Social still sucks compared to search, Apple users do, in fact, buy more. And the real browser war is not Chrome versus Internet Explorer, but Chrome versus Safari.
Those are just a few of the conclusions of e-commerce optimization giant Monetate’s state-of-the-online-sales-union report for the second quarter of 2012.
Browser wars: not what you’d think
“The most interesting part for me is the browser war,” says Monetate’s chief marketing officer, Kurt Heinemann. “What we’re seeing on the e-commerce side of the fence is that mobile and desktop Safari are actually equal to Explorer.”
In fact, from 8PM to 11PM EST, when all portions of the country are out of the office, Safari accounts for 30 percent of traffic. That’s the desktop and mobile versions combined together, Heinemann adds. And it’s the browser traffic at e-commerce sites of Monetate customers such as Best Buy, QVC, Comcast, National Geographic, and many more.
Over the course of an entire day Monetate’s customers, which include 20 percent of the top 500 internet retailers in the U.S., get 3.3 percent of their visits from Android phones, up 85 percent year-over-year, and 5.4 percent of their visits from iPhones, up 117%.
Interestingly, Android users convert almost 30 percent better than iPhone users.
Yes, Mac users do actually buy more
In the wake of the Great Orbitz Pricing Non-scandal of 2012, in which Orbitz was found to be recommending higher-priced hotels to Mac users than to PC users, the hot question has been: do Mac users actually spend more?
Well, yes, says Heinemann.
“Apple users do have a higher order value. I think that’s a demographic thing — Macs tend to be a little higher priced than PCs.”
In fact, Mac users spend an average of $102.83 versus $88.75 for PC users, and just $84.91 for the cheapskate Linux faithful. On the other hand, the difference basically disappears in the smartphone world: iPhone and Android are almost neck-and-neck at $97 and change, with Windows Phone a little lower at $92.45.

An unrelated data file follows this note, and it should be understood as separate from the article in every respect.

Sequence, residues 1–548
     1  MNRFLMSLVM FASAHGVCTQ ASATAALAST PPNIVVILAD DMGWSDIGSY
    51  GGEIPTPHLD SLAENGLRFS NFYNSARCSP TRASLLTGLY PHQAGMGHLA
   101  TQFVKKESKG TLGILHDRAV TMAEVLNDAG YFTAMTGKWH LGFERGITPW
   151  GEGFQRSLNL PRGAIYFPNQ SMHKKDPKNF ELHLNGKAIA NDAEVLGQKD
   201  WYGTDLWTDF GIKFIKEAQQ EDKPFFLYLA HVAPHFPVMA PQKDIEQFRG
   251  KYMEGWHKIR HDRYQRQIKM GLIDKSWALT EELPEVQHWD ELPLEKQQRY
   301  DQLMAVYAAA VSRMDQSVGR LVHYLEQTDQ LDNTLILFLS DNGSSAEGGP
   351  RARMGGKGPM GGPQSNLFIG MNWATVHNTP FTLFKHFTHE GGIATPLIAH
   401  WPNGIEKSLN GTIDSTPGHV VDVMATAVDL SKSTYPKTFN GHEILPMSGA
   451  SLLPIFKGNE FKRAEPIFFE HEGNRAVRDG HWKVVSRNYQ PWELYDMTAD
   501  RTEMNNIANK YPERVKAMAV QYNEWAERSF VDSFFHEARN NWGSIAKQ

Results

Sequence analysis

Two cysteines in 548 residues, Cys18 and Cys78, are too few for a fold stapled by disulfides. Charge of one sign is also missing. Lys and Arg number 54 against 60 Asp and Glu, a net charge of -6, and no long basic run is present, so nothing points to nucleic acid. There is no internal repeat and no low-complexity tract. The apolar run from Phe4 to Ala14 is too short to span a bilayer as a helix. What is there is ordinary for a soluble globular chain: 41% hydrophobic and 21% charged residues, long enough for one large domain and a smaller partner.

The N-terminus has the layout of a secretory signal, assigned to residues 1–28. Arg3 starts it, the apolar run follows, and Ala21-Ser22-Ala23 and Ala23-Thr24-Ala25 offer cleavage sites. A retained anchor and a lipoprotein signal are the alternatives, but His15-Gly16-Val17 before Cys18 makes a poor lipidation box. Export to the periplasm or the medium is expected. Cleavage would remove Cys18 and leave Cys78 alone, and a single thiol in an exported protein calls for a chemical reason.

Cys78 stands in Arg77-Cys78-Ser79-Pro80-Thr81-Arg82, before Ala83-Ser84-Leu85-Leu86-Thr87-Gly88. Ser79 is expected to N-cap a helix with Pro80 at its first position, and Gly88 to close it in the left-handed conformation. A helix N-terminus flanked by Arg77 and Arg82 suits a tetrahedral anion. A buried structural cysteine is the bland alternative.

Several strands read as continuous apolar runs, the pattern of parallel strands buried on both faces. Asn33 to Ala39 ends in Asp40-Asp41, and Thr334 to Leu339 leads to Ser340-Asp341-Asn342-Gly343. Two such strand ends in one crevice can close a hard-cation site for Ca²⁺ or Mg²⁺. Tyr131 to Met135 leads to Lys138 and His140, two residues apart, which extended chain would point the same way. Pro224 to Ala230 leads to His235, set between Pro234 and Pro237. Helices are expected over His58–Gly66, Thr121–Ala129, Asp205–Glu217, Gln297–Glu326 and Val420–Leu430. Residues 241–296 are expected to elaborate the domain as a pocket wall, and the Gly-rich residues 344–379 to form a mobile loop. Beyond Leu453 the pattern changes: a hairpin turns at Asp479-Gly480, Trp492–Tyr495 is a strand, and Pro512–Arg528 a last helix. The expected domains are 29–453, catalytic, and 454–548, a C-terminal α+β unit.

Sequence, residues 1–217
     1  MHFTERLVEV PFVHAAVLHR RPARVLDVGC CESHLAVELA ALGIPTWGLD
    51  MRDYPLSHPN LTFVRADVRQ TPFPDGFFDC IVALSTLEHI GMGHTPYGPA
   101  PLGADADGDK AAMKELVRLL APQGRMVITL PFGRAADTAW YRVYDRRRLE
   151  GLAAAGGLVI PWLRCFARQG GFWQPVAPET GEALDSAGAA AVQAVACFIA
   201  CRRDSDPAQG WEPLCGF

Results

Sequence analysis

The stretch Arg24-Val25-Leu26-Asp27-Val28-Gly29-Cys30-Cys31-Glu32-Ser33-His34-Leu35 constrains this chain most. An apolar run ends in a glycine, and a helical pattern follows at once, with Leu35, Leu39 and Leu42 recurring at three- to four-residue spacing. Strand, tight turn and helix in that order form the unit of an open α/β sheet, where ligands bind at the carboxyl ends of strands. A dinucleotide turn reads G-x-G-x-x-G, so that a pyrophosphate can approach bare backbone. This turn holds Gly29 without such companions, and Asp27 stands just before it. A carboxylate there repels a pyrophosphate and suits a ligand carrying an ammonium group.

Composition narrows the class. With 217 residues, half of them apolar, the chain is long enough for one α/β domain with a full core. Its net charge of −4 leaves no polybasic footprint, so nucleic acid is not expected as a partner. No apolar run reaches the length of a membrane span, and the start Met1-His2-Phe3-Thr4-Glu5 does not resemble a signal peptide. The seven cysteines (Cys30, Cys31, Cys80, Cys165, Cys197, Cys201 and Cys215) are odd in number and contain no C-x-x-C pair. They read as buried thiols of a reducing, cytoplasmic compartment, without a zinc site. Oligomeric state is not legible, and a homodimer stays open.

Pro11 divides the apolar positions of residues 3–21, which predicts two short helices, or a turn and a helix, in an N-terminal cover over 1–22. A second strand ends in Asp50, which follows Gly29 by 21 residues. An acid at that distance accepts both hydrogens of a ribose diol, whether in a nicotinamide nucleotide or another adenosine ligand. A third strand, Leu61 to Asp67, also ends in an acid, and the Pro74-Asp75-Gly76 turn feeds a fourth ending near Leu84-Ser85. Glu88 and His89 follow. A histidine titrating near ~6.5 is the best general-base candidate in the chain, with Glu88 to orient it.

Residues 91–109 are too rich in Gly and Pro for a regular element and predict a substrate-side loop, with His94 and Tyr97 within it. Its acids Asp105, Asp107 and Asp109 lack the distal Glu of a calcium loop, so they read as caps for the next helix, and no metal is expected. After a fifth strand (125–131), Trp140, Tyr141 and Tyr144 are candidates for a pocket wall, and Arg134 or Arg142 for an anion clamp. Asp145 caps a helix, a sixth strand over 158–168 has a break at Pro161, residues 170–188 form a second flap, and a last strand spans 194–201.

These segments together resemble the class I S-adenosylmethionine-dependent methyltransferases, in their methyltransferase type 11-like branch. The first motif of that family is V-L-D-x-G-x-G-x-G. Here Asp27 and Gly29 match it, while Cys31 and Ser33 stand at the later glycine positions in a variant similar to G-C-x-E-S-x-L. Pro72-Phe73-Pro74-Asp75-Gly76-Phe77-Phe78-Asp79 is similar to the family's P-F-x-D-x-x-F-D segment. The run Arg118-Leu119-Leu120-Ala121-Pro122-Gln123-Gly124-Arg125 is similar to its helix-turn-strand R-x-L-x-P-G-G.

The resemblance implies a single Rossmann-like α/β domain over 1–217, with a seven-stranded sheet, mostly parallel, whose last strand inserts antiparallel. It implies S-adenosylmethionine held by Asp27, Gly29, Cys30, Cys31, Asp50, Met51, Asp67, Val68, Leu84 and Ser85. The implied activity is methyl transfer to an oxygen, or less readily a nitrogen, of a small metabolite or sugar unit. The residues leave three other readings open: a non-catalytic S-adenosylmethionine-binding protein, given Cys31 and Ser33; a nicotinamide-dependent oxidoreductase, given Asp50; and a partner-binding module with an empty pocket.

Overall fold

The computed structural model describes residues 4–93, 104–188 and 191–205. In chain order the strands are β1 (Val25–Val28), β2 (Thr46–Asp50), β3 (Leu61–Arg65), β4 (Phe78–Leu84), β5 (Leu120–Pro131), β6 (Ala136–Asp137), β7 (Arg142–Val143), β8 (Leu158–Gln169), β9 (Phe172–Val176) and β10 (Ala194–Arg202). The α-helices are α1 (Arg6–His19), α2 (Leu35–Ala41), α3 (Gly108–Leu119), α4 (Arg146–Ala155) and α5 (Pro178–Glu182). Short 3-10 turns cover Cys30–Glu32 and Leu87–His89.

It’s in the tablet world that the order value differences reappear, but in this case it’s the Kindle Fire that loses out. Average orders on the Kindle Fire lag behind those on iPad or other Android tablets by about $10.
“Again, I think that’s a demographic thing,” Heineman says. “Kindle is $200, and iPad is $500 … that’s the primary difference.”
Social vs. search: social still sucks (but so does search)
It’s fairly well known that social traffic to e-commerce sites converts at a lower rate than search traffic. Monetate confirms that: social converts at a measly .59 percent rate, while search is about four times better at 2.59 percent.
The real story which is sometimes somewhat obscured in the debate?
Email kills them both, converting at 4.25 percent … almost double search, and eight times better than social.
“That’s the great nugget there,” according to Heinemann. “In the whole social hype cycle people can easily take their eyes off the numbers, the conversion rates and average order values.”
Heinemann warns against putting too many eggs in the social basket, saying that email converts massively, and retailers need to do smart things to build their email database, and then use it well.
One caveat: there’s significantly more traffic from social than there is from email … so even with a lower conversion rate, social can still provide a significant amount of value.
You can download the entire report here.
Image credit: Mirexon/ShutterStock